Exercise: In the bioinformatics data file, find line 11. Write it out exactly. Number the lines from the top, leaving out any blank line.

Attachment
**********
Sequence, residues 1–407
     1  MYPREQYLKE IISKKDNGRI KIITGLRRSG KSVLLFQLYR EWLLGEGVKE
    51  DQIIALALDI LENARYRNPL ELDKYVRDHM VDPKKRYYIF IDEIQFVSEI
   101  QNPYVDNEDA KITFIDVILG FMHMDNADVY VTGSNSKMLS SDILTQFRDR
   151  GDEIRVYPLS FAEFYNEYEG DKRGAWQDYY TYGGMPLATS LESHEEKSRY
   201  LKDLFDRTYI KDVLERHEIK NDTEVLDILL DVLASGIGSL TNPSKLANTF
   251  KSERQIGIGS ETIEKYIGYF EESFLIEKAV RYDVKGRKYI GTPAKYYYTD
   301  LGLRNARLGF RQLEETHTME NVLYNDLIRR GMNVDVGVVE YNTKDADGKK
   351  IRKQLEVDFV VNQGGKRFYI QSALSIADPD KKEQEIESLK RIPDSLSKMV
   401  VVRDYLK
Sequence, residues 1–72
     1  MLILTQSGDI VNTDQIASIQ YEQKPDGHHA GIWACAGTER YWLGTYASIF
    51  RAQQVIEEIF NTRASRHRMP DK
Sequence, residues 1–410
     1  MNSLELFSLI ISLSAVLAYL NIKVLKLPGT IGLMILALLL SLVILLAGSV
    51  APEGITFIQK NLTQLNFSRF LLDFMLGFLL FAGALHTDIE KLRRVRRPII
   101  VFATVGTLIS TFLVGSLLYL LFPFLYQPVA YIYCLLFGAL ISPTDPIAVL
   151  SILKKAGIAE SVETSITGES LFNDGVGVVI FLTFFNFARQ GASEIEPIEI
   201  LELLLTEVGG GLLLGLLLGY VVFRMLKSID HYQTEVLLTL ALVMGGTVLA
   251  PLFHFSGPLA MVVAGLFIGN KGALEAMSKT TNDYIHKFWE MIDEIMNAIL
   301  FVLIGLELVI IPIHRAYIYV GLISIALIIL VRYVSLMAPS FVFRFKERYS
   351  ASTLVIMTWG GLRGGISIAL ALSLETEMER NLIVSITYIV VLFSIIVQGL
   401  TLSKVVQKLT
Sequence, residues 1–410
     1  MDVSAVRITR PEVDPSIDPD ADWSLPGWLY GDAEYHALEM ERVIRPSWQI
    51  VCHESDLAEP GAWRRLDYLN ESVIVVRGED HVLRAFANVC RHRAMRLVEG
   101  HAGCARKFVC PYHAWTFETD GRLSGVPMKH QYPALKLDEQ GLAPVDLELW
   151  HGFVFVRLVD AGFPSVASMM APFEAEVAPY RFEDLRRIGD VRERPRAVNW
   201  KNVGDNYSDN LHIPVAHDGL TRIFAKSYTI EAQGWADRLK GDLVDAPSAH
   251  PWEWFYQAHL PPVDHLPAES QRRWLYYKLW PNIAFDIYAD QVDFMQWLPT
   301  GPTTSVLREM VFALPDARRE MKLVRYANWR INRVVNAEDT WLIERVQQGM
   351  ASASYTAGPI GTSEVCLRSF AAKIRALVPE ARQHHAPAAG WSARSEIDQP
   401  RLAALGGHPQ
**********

Sequence, residues 1–72